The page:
Isn’t it sad how we allow unpleasant things that have happened in the past to haunt us and shade today’s sunshine? The rear view mirror can become an albatross if we let it.
‘Let bygones be bygones’ is one of the small group of phrases the meaning of which people enquire about more than they do the origin. On the face of it, the meaning is obvious and seems to require no explanation – after all, bygones can hardly be anything other than bygones. We don’t have sayings like ‘let greengrocers be greengrocers’, so is there more to it? As it turns out, there is.
In the 15th century, a bygone was was simply ‘a thing that has gone by’, i.e. a thing of the past. Shakespeare used it with that meaning in The Winters Tale, 1611:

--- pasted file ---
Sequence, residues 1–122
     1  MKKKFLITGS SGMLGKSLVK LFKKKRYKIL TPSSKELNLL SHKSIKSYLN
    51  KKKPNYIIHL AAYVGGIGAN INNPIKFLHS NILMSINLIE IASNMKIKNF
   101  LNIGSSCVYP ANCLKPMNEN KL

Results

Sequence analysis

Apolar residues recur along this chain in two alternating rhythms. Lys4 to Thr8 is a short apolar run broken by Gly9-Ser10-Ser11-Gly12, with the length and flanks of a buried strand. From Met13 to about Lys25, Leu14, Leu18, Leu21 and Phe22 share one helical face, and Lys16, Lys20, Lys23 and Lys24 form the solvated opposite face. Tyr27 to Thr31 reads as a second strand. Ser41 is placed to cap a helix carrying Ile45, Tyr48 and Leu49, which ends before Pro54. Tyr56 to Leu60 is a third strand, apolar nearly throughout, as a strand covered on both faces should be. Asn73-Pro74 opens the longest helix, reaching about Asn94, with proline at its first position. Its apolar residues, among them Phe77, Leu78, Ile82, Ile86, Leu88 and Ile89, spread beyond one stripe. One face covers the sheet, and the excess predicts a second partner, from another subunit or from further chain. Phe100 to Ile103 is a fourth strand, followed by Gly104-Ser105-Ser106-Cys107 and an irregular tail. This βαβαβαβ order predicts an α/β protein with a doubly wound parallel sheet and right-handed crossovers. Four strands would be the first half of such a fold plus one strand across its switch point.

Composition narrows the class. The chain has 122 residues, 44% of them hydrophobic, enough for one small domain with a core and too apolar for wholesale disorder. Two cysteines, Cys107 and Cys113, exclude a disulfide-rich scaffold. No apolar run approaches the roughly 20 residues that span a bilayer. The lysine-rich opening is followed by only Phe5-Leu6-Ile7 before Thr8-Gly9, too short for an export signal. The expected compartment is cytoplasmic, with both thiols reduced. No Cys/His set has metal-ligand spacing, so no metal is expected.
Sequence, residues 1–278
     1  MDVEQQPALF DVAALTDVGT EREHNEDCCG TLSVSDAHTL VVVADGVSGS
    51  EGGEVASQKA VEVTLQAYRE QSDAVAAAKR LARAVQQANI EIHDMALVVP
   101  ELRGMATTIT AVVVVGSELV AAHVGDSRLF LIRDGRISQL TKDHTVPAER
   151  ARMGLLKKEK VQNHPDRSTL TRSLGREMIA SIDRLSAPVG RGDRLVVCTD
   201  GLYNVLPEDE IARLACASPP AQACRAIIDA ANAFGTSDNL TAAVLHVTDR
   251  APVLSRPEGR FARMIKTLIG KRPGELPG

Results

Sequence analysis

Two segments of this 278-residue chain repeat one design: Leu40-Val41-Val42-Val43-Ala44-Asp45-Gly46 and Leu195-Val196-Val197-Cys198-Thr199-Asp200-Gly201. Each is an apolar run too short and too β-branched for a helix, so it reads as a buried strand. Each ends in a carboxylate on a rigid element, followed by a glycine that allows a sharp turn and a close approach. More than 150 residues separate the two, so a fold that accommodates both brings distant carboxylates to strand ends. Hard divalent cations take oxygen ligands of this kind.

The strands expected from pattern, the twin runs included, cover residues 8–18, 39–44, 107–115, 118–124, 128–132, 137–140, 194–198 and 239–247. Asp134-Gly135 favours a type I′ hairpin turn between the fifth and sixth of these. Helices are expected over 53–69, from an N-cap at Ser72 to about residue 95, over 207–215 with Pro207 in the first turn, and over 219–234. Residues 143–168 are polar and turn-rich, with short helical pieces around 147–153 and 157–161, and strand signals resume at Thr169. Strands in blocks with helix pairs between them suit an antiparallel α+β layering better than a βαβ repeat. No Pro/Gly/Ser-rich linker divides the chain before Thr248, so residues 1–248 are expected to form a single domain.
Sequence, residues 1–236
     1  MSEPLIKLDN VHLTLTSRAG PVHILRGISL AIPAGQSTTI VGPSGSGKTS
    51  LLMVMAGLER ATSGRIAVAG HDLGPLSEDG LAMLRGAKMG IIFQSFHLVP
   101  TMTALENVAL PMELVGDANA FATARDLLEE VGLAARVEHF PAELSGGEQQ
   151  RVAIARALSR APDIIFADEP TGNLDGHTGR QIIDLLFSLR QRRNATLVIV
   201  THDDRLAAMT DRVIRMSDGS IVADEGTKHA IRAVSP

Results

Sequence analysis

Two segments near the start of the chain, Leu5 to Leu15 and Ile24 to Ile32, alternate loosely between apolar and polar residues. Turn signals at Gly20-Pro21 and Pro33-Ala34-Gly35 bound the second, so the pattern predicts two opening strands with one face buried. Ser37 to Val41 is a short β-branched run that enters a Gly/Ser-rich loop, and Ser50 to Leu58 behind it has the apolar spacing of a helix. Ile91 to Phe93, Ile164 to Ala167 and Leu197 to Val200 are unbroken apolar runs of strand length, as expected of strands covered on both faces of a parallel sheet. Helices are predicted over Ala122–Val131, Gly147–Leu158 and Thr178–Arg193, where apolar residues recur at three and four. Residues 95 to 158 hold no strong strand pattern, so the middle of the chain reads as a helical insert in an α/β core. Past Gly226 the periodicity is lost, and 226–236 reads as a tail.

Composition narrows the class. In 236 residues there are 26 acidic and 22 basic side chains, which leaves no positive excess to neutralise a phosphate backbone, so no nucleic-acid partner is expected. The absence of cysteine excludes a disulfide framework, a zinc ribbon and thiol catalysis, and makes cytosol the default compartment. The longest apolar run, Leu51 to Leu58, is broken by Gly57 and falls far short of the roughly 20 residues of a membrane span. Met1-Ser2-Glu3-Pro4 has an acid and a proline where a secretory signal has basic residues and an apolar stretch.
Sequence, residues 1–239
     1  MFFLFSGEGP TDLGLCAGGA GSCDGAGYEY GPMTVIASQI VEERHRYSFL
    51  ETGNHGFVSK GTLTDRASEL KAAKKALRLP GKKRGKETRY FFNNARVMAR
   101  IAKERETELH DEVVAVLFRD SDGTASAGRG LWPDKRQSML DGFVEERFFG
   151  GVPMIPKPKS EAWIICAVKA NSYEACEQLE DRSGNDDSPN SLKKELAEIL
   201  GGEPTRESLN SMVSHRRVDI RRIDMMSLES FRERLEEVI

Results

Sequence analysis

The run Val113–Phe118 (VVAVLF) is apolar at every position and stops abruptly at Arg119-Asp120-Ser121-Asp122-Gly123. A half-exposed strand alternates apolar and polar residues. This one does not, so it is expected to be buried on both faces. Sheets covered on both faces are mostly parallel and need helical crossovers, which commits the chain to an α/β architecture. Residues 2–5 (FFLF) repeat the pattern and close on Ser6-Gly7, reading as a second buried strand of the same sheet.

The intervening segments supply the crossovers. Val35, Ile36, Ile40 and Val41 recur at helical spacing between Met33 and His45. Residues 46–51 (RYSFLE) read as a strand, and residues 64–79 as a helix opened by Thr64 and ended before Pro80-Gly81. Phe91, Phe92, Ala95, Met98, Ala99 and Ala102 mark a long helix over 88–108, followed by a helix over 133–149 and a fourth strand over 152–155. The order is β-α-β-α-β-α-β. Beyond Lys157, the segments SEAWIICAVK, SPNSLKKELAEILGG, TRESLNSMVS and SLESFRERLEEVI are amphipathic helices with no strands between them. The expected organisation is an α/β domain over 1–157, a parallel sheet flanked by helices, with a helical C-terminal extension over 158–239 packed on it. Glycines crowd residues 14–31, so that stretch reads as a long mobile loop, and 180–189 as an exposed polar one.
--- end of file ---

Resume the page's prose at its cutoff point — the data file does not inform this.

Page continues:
This satisfaction, The by-gone-day proclaym’d, say this to him
See? Even Shakespeare couldn’t spell which warms my heart. But he gave the term a negative twist and ‘bygones’ came to refer specifically to past events that had an unpleasant tinge to them; for example, quarrels or debts.
The Scottish churchman Samuel Rutherford recorded that usage of the phrase in a letter during his detention in Aberdeen in 1636. In the letter he regrets the follies of his youth and acknowledges his debt to God in showing him the error of his ways:
"Pray that byegones betwixt me and my Lord may be byegones."
So, there is a little more to the phrase ‘let bygones be bygones’ than to the more literal ‘let sleeping dogs lie’ or the old proverb ‘let all things past, pass’ that was recorded by John Heywood in his 1562 edition of Proverbs. ‘Let bygones be bygones’ uses both meanings of the word ‘bygones’ and means, in extended form, ‘let the unpleasantness between us become a thing of the past’.
Not bad advice.